Eve Bunting has published over two hundred picture books. Last year, she wrote The Cart that Carried Martin, a poignant account of Martin Luther King Jr.’s funeral for young readers. Recently, she discussed her reasons for writing the book and her own memories of Dr. King’s death with Kidsbiographer.
Kidsbiographer: How did you decide to write The Cart that Carried Martin?
Eve Bunting: Since coming from Ireland to California, I have become aware of racial prejudice, one kind of problem we didn’t have in the Ireland of that time. Soon I heard of Martin Luther King, his importance and the legacy of his life. I began to read about him and the more I read the more I admired him. In 2008 I came upon an article in the Atlanta Journal Constitution written by journalist Jim Auchmutey. He told about the cart that carried his body to his funeral, of the two mules that drew the cart and of the crowds that came to mourn and say their farewells. A humble funeral for a humble man. That article was the spark that set me thinking about writing a book for children. Did children know this story? If not, could I tell them how it was, and how it still is?
I did research, then more and more research. Soon I was filled not only with facts, but with emotion. I was ready to write.
Kidsbiographer: The Cart that Carried Martin is written in a very simple style; I can imagine parents reading it aloud to very young children. And yet, despite the simple prose, the text is poignant and powerful. Tell me how you crafted this moving, accessible narrative.
Eve Bunting: More than anything I wanted to reach young children. I had found that there were many books for an older audience about Dr. King. Not so many for younger readers. I like to write for that age level and have done many, many books for kindergartners and first and second graders. I can’t tell you exactly how I pull up that childlike voice. It comes easily, especially when I have something that I believe needs to be told, words that they can read for themselves or that they can understand when they are “read to.”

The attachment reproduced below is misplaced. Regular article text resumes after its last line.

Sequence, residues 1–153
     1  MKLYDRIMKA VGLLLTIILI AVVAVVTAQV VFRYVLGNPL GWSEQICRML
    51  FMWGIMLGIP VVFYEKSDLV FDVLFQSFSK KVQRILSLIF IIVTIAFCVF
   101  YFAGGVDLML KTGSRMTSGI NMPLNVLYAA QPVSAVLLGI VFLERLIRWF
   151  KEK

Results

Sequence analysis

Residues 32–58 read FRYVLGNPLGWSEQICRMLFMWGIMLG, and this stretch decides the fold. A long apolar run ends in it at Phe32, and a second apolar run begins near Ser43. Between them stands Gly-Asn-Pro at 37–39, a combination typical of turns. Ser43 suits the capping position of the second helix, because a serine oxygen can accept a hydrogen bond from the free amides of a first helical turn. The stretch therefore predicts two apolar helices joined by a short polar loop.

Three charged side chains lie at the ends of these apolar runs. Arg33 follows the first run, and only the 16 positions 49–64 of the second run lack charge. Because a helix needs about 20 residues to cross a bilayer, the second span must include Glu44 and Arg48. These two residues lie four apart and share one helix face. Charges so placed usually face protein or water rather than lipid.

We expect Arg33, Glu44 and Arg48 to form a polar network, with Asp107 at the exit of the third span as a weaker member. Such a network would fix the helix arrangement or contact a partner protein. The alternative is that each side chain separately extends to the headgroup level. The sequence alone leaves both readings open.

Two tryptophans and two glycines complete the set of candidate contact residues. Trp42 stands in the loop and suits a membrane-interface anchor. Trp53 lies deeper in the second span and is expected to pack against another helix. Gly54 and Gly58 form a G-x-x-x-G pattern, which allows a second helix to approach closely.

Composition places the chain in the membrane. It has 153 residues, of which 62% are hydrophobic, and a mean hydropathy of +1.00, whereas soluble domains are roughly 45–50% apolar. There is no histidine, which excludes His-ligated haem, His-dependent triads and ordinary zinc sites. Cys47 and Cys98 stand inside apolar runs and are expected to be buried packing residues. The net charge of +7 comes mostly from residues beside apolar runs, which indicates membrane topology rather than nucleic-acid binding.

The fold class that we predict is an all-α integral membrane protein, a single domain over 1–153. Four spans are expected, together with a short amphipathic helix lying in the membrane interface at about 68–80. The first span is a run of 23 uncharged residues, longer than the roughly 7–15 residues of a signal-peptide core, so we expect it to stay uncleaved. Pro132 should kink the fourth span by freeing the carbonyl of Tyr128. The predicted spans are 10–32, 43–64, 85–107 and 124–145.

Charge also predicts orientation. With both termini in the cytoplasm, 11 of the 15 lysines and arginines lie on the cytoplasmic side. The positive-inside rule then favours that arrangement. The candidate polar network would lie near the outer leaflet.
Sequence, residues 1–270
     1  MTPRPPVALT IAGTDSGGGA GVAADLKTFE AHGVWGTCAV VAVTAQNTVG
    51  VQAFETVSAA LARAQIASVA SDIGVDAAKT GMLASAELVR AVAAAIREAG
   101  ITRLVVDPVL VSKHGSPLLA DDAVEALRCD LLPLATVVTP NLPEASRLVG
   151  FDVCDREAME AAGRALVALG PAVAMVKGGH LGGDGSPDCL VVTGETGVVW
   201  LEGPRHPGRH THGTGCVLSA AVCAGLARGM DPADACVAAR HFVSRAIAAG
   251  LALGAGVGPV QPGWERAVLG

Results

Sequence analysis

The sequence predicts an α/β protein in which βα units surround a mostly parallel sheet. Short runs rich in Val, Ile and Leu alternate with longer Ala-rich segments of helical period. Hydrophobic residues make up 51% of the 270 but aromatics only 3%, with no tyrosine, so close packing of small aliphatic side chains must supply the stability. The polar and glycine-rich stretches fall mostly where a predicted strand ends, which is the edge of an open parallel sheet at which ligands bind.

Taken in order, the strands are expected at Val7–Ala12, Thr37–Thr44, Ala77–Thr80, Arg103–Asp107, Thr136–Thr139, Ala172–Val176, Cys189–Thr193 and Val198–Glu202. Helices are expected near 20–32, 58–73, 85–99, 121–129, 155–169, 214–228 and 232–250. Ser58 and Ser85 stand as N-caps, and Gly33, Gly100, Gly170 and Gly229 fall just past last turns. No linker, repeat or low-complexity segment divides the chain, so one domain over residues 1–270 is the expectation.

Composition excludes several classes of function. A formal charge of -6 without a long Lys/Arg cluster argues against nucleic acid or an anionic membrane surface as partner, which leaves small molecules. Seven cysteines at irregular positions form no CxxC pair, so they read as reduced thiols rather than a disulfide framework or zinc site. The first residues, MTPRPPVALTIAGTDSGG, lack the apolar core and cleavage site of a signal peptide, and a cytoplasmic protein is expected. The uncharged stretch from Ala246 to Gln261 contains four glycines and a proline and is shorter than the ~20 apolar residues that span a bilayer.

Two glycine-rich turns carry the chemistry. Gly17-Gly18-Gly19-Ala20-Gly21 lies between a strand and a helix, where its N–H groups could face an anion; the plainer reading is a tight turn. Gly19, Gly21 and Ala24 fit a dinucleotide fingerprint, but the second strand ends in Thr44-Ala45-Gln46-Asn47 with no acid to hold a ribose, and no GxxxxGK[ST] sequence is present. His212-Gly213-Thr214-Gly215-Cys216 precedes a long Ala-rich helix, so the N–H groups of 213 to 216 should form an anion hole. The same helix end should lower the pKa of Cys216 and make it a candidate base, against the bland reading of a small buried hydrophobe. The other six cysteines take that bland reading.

Kidsbiographer: Can you describe your own memories of Martin Luther King, Jr. and your emotions when you learned of his death?
Eve Bunting: I never did see or hear Dr. King in person, but I loved what I heard him say on television and in books. On the day he was assassinated, I was in my front garden when a neighbor drove by in a car, rolled down her window and shouted out to me, “They’ve killed Martin Luther King.” She was crying. I ran to her car. She was so disturbed that the car didn’t come to a full stop, but ran on, slowly, and bumped into a lamppost. She was not injured. The mark of that day is still there, on that lamppost, right outside my door.
Kidsbiographer: What do you hope young readers and listeners will take away from The Cart that Carried Martin?
Eve Bunting: I hope young readers will come away from reading my picture book with a new understanding of Dr. King’s greatness, his humility, the love that his followers had for him, his vision of peace.That they will want to know more about him. If that happens, then I will have honored him in the way I wanted to when I wrote The Cart that Carried Martin.